rpidru()+132         
rpiswu2()+520        
kprball()+1044       
kkxsarfch()+568      
kkxsfcn()+556        
pevm_icd_call_commo  
pfrinstr_ICAL()+140  
pfrrun_no_tool()+96  
pfrrun()+1032        
plsql_run()+616      CALCS.GET_PAR(P_ID => A.OBJ_ID, P_A_ID => 313006642)
peicnt()+324        
kkxuexe()+468        
kkxmpsexe()+400      
kgmexwi()+584        
kgmexec()+1388       
evapls()+736         
evaopn2()+1284       
qerocImageIterStart  SQL_ID  3kp00z3rvsjf0 |   1 |  COLLECTION ITERATOR PICKLER FETCH| GET_PAR | 1 |
qerocStart()+504     object collection iterator row source
subsr1()+208         
subsr3()+364         
IPRA.$evaopn3()+697  
evaopn3()+92         
opifcr()+5808        
qertbFetchByRowID()  tab by rowid SQL_ID  3kp00z3rvsjf0 |*  2 |  TABLE ACCESS BY INDEX ROWID | TAB_OBJ
opifch2()+2312       
opifch()+48          
opipls()+4248        
opiodr()+908         
rpidrus()+216        
skgmstack()+160    
rpidru()+132         
rpiswu2()+520        
rpidrv()+1060      recurcive sql
psddr0()+448         
psdnal()+472       binds
pevm_BFTCHC()+284    
pfrinstr_BFTCHC()+1  
pfrrun_no_tool()+96  
pfrrun()+1032        
plsql_run()+616    top level anonymous block
peicnt()+324         
kkxexe()+484         
opiexe()+17356       
kpoal8()+1872        
opiodr()+908         
ttcpip()+1028        
opitsk()+1612        
opiino()+940         
opiodr()+908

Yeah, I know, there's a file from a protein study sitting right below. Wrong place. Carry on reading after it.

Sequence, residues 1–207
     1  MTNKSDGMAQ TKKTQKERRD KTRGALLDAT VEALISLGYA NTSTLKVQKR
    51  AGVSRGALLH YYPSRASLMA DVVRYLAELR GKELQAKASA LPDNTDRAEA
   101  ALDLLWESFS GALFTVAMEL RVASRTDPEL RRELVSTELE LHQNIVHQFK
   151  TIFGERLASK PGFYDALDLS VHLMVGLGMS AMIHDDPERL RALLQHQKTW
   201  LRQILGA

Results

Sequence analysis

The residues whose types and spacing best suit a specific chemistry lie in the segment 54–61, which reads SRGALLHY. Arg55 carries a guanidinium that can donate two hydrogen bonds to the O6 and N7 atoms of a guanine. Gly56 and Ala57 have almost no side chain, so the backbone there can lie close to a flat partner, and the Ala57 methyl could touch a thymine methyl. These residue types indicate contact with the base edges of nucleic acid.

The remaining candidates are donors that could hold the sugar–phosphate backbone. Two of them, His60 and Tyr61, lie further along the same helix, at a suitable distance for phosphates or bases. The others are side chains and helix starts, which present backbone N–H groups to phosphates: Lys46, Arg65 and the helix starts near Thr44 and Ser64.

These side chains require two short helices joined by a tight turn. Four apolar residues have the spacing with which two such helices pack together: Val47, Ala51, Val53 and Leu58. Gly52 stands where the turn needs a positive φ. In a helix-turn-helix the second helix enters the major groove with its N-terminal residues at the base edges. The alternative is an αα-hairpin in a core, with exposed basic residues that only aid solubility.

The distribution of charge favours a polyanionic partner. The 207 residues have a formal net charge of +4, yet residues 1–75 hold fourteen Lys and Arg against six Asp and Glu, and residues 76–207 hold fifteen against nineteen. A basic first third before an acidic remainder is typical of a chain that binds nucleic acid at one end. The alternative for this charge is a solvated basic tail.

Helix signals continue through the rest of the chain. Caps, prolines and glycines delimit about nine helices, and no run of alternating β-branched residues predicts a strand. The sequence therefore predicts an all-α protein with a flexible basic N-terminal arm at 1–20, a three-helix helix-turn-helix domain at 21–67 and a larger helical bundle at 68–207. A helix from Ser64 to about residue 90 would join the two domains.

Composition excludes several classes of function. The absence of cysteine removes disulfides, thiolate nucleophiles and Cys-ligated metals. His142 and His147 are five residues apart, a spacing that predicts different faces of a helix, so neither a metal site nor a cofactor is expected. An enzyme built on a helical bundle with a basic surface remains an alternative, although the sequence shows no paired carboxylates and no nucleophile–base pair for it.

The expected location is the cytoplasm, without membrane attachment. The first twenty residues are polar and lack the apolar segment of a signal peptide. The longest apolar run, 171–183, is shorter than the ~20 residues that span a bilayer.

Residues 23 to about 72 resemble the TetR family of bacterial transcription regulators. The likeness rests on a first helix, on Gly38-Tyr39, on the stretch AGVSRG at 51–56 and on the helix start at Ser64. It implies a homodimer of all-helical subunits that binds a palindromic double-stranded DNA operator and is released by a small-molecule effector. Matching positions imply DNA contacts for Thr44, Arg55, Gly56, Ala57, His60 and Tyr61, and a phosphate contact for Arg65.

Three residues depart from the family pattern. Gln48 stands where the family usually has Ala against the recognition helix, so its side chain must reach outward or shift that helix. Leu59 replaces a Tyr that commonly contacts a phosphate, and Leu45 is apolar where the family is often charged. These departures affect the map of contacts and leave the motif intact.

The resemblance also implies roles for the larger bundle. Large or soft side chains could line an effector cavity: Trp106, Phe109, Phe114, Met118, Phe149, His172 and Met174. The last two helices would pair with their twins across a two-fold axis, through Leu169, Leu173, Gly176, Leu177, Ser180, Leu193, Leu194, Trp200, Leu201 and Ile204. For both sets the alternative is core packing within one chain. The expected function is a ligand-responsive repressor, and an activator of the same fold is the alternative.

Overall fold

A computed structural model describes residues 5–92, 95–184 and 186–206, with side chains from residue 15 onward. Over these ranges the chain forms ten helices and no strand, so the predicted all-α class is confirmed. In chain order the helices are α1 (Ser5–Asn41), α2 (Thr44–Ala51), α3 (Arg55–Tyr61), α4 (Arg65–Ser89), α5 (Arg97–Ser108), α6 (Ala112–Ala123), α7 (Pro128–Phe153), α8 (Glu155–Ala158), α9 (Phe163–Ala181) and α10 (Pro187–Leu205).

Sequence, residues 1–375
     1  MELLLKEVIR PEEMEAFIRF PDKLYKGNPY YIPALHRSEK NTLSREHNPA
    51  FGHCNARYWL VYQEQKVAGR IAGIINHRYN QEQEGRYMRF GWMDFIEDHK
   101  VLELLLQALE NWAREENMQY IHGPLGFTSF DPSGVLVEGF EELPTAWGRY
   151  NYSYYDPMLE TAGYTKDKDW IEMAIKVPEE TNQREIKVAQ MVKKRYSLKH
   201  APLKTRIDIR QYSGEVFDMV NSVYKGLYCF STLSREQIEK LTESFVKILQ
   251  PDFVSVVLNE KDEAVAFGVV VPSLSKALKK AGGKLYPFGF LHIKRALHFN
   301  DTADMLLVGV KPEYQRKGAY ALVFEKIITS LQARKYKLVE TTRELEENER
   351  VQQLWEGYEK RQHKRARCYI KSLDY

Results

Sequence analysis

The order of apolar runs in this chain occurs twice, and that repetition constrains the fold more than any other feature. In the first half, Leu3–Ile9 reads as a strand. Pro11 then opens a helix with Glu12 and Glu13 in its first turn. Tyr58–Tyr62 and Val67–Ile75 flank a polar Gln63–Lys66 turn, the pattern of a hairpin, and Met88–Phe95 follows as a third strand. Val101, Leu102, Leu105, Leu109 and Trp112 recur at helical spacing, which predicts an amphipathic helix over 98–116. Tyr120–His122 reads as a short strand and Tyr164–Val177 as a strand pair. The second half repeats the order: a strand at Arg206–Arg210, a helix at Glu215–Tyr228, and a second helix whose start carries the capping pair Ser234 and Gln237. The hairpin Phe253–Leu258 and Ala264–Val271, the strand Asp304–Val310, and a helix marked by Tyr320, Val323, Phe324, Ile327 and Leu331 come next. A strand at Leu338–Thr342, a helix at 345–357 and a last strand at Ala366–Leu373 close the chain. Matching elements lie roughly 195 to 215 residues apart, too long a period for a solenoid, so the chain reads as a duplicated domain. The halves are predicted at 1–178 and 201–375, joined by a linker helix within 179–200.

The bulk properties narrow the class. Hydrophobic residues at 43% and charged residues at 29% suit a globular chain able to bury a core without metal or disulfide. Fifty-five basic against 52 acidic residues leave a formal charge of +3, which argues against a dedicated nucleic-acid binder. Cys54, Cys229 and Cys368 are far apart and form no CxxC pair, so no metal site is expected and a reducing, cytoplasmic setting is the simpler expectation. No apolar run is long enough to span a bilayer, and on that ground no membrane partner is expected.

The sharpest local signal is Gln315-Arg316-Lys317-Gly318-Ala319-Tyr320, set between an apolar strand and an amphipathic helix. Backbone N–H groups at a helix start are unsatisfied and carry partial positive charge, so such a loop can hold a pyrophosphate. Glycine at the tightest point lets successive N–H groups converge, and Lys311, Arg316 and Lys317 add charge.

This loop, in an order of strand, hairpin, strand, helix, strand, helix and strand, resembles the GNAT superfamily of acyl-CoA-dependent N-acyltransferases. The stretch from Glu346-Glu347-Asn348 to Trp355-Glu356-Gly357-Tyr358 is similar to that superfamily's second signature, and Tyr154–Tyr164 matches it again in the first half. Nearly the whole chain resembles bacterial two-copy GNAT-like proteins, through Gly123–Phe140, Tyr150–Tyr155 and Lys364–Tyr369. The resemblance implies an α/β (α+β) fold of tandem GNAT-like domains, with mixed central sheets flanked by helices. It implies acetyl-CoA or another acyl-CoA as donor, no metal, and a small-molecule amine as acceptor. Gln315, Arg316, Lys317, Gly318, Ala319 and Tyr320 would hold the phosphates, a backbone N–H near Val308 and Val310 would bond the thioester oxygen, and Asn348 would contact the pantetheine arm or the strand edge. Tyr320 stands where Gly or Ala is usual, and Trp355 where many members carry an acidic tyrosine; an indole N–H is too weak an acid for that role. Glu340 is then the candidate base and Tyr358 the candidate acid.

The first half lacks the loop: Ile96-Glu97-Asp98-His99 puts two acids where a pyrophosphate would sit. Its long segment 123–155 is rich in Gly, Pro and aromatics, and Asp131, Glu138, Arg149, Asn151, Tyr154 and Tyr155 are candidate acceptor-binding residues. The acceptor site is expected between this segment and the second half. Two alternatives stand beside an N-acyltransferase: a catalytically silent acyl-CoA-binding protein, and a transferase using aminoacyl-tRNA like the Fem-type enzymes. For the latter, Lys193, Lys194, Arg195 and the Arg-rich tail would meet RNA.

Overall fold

opidrv()+1132        
sou2o()+136          
opimai_real()+560    
ssthrdmain()+276     
main()+204           
__start()+112        

So, my report was constantly doing some LOB manipulation! Very soon I found some CLOB column which was fetched inside PKGPROV.get_last_ord(). And that CLOB was parsed using instr() and substr() functions. It was pretty good example of the "SQL Semantics" usage. It works, but how much does it cost? You can read more about this in the famous "Oracle PL/SQL Programming, Sixth Edition by Steven Feuerstein with Bill Pribyl" book, paragraph "SQL semantics may yield temporary LOBs"

Taking this, a quick workaround appeared in my mind. In my case CLOB column temporary_quote.tmp_quote contained not so long pieces of text, 6K at maximum. It was possible to declare local variable with VARCHAR2(32768), assign CLOB column content to it, and just do the same parsing but with local VARCHAR2 variable.

See below Tomas Kyte's RUNSTATS utility style comparison for CLOB manipulation part of the report. Run1 is the original approach, Run2 is using varchar2 local variable. The difference is huge!

Statistic                                            Run1             Run2